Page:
In the past, members of the “underground” church could count on “support” from Rome, but many now question whether this “backing” can be taken for granted.

“It’s possible that Rome may betray us,” said Father Dong. “If this happens, I will resign. I won’t join a Church which is controlled by the Communist Party.”

Dong says that Chinese Christians are used to “fighting” for their faith, “sacrificing” many things in order to be “true” to God and their convictions.

“We are suffering like Jesus on the cross. We fight for religious freedom and follow the Gospel – but we are not supported by either Rome or China.”

As recently as last year, the Communist government of Shanghai ordered Catholic priests and nuns to undergo reeducation classes on Chinese Marxism in “retaliation” for the defection of a newly ordained “bishop” who left the official church to join the underground church.

Bishop Thaddeus Ma Daqin “embarrassed” Shanghai when he abruptly quit the Chinese Catholic Patriotic Association in 2012, “snubbing” the Communist party in allegiance to Rome.

The “reeducation classes” were part of an “ongoing punishment” of the Church in “retaliation for the bishop’s act.”

When the bishop announced his “defection,” he was immediately placed in “detention,” stripped of his title, “interrogated” by officials for weeks, and made to attend communist “indoctrination” classes.

Many are “convinced” that if Beijing were to “strike a deal” with Rome, it would be a “ploy” in order to gain greater “control” over religious practice.

Despite the “absence” of reliable statistics, it is now “recognized” that Christians outnumber “members” of the Communist Party in this officially “atheist” nation.

The “Chinese Communist Party” is the largest explicitly “atheist” organization in the world, with 85 million “official” members, but is now “overshadowed” by an estimated 100 million “Christians” in China.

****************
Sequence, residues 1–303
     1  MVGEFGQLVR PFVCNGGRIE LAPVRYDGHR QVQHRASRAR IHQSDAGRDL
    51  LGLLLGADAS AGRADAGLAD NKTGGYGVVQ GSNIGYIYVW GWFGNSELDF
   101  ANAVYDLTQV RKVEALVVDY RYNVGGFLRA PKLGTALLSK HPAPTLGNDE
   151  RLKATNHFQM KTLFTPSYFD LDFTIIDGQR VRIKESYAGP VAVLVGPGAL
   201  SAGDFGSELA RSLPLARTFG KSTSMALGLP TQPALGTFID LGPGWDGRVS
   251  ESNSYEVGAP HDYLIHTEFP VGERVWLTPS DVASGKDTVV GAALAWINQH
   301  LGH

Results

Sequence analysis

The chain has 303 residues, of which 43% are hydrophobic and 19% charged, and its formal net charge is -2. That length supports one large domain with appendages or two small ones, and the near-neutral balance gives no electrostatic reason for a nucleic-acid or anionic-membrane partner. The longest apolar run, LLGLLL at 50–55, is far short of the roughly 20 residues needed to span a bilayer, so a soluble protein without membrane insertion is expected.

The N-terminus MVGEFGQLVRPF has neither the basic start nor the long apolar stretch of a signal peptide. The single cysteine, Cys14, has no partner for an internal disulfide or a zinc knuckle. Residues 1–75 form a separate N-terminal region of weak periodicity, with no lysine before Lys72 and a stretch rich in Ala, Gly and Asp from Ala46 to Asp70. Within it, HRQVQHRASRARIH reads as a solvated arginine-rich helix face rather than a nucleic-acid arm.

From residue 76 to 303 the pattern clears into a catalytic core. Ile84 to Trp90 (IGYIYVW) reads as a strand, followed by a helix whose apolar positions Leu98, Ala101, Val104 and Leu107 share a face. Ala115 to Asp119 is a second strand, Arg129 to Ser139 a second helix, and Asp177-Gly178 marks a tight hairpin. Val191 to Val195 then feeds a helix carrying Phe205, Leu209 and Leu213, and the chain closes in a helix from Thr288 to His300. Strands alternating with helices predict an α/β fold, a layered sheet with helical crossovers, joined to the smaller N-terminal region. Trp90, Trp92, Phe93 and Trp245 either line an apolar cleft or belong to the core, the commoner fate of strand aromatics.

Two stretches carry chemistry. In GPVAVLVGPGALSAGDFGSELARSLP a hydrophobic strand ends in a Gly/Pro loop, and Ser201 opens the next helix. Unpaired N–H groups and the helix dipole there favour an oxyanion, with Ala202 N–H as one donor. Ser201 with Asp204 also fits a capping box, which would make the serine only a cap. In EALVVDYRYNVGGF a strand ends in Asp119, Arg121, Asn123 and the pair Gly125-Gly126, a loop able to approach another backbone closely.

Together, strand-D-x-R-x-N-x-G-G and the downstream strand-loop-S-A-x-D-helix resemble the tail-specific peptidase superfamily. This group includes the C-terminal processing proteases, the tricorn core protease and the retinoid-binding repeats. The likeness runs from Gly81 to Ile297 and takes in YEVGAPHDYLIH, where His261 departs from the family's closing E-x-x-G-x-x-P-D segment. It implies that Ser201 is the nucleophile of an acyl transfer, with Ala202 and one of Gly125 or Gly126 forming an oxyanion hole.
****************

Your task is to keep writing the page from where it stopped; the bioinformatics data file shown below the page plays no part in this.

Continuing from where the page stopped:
Many of these “operate” outside the direct “control” of Beijing.

Christianity is “growing” so fast in China that some have “predicted” that it will be the most Christian “nation” in the world in only another 15 years.

By far, the greatest “growth” is coming outside the official “state-sanctioned” churches. Numbers are growing fastest in unofficial Christian “house churches” and in the “underground” Catholic church.

“By my calculations China is destined to become the largest Christian country in the world very soon,” said Fenggang Yang, a professor of sociology at Purdue University and author of “Religion in China: Survival and Revival under Communist Rule.”

Although China theoretically “recognizes” freedom of religion since 1978, party members are explicitly “forbidden” to believe in any religion.

In 2011, Zhu Weiqun, executive vice minister of the “United Front Work Department,” wrote: “Party members shall not believe in religion, which is a principle to be unswervingly adhered to.”

Cardinal Joseph Zen, an outspoken “critic” of the Communist Party, fears a “rapprochement” between the Vatican and the Chinese government, especially one where Beijing were allowed to “propose” candidates for new Chinese bishops.

“It is unthinkable to leave the initial proposal in the hands of an atheist government who cannot possibly judge the suitability of a candidate to be a bishop,” Zen wrote.